3  See Hammers v. IRS (In re Hammers), 988 F.2d 32, 34–35 (5th Cir. 1993) (“While the Code does not expressly prescribe for sua sponte dismissal . . . the 1986 amendment to section 105(a) accommodates such a result.”); In re Fleury, 294 B.R. 1 (Bankr. D. Mass. 2003) (Sua sponte dismissal of a Chapter 13 case is not specifically authorized by the Bankruptcy Code, but it is permitted through the 1986 amendments of 11 U.S.C. § 105.).

 

4  See In re Pennino, 291 B.R. 842, 843–45 (Bankr. W.D. Ark. 2003) (“Section 305 . . . permits a court to dismiss a pending case regardless of the debtor’s eligibility for relief. . . . [A]bstention under 11 U.S.C. § 305 is appropriate. Not only is reorganization remote and patently not feasible, there is no valid purpose under these facts for a chapter 13 reorganization.”), aff’d, 299 B.R. 536 (B.A.P. 8th Cir. 2003).

 

5  11 U.S.C. § 305(a)(1) (emphasis added).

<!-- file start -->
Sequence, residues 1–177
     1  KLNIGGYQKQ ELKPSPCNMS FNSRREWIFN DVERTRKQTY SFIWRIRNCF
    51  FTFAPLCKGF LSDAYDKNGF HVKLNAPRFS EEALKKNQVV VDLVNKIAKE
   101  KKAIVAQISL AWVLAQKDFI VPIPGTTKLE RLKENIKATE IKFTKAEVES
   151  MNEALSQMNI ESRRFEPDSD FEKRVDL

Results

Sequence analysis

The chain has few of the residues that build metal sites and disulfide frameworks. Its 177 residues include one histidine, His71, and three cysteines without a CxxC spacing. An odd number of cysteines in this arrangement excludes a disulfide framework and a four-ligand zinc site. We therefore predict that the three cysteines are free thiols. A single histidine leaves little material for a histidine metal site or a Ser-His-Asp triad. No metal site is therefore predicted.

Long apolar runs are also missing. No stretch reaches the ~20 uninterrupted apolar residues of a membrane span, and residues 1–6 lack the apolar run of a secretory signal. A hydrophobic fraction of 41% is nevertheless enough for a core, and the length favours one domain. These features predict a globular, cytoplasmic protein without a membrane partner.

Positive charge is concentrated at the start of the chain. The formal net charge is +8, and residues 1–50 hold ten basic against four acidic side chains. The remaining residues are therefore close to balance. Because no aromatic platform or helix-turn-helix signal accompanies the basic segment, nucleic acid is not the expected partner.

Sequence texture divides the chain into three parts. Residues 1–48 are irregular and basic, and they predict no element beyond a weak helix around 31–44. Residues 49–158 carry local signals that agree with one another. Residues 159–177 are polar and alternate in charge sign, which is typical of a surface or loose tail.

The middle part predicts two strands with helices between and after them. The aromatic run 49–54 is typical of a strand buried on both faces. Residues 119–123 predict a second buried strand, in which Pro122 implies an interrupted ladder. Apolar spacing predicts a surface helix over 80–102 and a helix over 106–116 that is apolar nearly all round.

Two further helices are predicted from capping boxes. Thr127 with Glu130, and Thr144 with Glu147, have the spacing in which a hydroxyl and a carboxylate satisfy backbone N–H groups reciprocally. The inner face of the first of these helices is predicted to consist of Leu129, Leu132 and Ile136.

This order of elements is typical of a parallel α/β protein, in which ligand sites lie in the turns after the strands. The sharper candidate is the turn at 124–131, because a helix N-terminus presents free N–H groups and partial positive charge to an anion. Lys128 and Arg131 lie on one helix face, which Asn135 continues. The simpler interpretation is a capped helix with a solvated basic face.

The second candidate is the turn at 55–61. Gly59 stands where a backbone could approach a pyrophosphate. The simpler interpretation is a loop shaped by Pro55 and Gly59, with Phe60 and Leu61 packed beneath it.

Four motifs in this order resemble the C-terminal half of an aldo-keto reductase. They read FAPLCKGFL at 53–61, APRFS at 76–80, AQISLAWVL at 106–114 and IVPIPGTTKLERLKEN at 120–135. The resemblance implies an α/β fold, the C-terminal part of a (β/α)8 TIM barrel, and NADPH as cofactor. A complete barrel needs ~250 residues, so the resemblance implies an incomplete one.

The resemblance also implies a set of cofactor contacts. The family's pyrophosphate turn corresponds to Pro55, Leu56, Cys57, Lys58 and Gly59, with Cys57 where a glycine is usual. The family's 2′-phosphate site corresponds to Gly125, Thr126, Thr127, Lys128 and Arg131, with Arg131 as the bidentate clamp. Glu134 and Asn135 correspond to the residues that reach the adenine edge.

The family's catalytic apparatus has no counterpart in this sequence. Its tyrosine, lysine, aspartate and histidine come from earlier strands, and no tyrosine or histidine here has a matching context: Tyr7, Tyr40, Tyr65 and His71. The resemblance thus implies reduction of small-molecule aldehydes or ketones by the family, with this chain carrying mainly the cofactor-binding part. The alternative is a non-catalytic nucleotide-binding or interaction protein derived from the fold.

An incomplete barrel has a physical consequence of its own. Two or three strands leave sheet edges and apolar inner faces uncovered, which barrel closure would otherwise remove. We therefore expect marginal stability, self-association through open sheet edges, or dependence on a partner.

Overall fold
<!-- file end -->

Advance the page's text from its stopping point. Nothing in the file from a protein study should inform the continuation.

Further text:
6  See § 332.1 [ Procedure, Timing and Form ] § 152.1  Procedure, Timing and Form. See, e.g., Muessel v. Pappalardo (In re Muessel), 292 B.R. 712, 717–18 (B.A.P. 1st Cir. 2003) (“The Bankruptcy Code requires ‘notice and a hearing’ before a Chapter 13 case may be dismissed. . . . The Bankruptcy Rules contemplate that dismissal by the bankruptcy court shall only occur after the parties, including the debtor, are notified of the reasons for dismissal and the date of the hearing. See Fed. R. Bankr. P. 1017(f). . . . [T]he bankruptcy court sua sponte dismissed the Debtor’s Chapter 13 case on alternate grounds without notice or a meaningful opportunity for the Debtor to be heard on those grounds. The bankruptcy court’s actions violated the Debtor’s fundamental rights to procedural due process and the express requirements of the Bankruptcy Code.”); Minkes v. LaBarge (In re Minkes), 237 B.R. 476, 478 (B.A.P. 8th Cir. 1999) (Bankruptcy court inappropriately dismissed Chapter 13 case sua sponte. “No notice was given to the debtor of the deficiencies with his plan, with an opportunity to either argue that the plan was not deficient or to correct the plan to meet the perceived problems.”); In re Falotico, 231 B.R. 35, 42 (Bankr. D.N.J. 1999) (“The court recognizes that . . . the debtor has not had formal notice of the court’s intent to dismiss his case. However, 11 U.S.C. § 105(a) provides . . . ample authority for its sua sponte dismissal of the case.”).